February 11

* The House of Representatives shocked the world and ended up passing a measure effectively raising the debt limit just moments ago. Seriously, it wasn’t hard to predict that this would happen. It has been obvious that the debt limit didn’t give Republicans real leverage since, oh, the last time Republicans caved on it, and the time before that.

It’ll be interesting to see how commentators who claim to hate Washington dysfunction treat the really decisive factor in putting an end to this nonsense – the fact that Dems belately recognized that the only responsible thing to do was to steadfastly refused to negotiate.

* Read Jed Lewison on why this is an important outcome: Dems took a principled stand that wasn’t easy, and Republicans have now openly admitted the debt limit no longer gives them leverage.

* The Senate Conservatives Fund is calling for Boehner to lose his job, and Ted Cruz is threatening to filibuster the debt limit increase…zzzzzzzzzzzz. I’m awake, I’m awake! Wait, did someone hear a bit of grumbling from the far right?

* Ed O’Keefe has a good breakdown of the House vote. Many of the 28 House Republicans who voted Yes were from the coasts. Meanwhile, in a striking show of Dem unity, only two Dems voted No.

* Also noteworthy: Paul Ryan voted No. But he’s a Very Serious wonky sort!

* Danny Vinik argues, rightly I think, that John Boehner deserves real credit for getting through this mostly unscathed, though he had some help from GOP rage at Obama:

Conservative groups are reacting angrily today, but most members in the House are resigned to defeat, many opting to blame President Obama instead. That’s quite an accomplishment for Boehner. Can you imagine that happening in 2011? Or even last October if the government shutdown hadn’t happened?

* Boehner asks fellow House Republicans:

“You’re not even going to clap for me for getting this monkey off of our backs?”

Hmmm. It’s almost as if the Speaker of the House played no role in keeping alive the debt limit farce in the House for as long as possible.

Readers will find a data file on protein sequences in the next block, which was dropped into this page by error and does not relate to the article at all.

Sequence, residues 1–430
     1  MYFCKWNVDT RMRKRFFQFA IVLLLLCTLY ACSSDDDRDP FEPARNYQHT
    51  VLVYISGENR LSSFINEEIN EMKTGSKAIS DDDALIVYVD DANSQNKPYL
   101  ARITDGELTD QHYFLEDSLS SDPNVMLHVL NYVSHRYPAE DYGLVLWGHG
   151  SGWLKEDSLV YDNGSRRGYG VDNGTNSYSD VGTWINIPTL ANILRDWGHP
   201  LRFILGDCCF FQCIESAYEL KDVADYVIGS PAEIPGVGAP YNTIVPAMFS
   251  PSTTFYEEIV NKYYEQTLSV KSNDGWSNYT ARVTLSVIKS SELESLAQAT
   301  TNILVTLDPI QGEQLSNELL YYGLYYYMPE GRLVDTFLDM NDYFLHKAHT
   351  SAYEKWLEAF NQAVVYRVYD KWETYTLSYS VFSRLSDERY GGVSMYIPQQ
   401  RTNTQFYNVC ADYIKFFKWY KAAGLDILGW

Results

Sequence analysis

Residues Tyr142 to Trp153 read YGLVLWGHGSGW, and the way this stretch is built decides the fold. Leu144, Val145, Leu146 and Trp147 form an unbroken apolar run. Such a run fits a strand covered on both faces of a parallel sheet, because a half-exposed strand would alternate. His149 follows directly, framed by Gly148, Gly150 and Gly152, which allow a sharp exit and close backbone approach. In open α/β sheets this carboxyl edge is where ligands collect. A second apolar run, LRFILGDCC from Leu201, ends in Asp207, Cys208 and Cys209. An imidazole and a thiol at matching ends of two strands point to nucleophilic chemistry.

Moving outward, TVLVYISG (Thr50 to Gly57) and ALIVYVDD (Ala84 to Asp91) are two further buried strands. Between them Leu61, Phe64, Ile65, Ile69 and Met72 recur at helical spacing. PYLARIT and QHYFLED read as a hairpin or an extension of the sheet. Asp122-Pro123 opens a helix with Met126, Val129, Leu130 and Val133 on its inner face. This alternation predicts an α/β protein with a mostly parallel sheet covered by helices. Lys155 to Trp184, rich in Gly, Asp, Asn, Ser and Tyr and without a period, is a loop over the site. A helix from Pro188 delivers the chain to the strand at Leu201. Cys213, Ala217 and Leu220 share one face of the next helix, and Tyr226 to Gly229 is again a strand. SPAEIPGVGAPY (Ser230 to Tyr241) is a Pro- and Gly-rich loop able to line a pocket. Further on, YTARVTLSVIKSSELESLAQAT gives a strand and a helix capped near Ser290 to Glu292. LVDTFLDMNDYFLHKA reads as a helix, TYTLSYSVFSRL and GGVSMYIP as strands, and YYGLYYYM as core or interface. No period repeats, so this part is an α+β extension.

* Politico’s Jake Sherman captures the big picture:

The vote marks the latest example of Boehner relying on Democrats to pass legislation that wide swaths of his party don’t support. He also tapped Democrats to reopen the federal government, approve Hurricane Sandy relief funds and avert the fiscal cliff. Boehner’s allies argue he helped ease Congress into a clean debt limit increase without the typical intra-party conflicts that spook financial markets.

* David Firestone imagines how things would be if Boehner allowed more things with majority support in the House to get a vote:

Immigration reform would be law now. Millions more people would be employed, because they would not have been laid off as a result of the sequester. Medical and science research would be accelerating instead of slowing. Roads and bridges and trains and schools would be under construction, instead of falling apart.

But that’s just a liberal fantasy. If Mr. Boehner actually operated that way, his members would have booted him from the speakership long ago.

* Adam Serwer on a new push from Attorney General Eric Holder to enfranchise ex-felons, and why this sort of reform is an area where you really could see an outbreak of bipartisanship.

* Steve Benen notes that Holder has been fairly active on a number of progressive fronts of late.

* The Latino media is ripping into House Republicans for delaying on immigration reform, another reminder that blaming “distrust” of Obama (the supposed reason for the delay) is unlikely to wash among Latinos.

* And Ed Kilgore on the explosive new revelations about Hillary Clinton that, it turns out, aren’t all that new at all.

What else?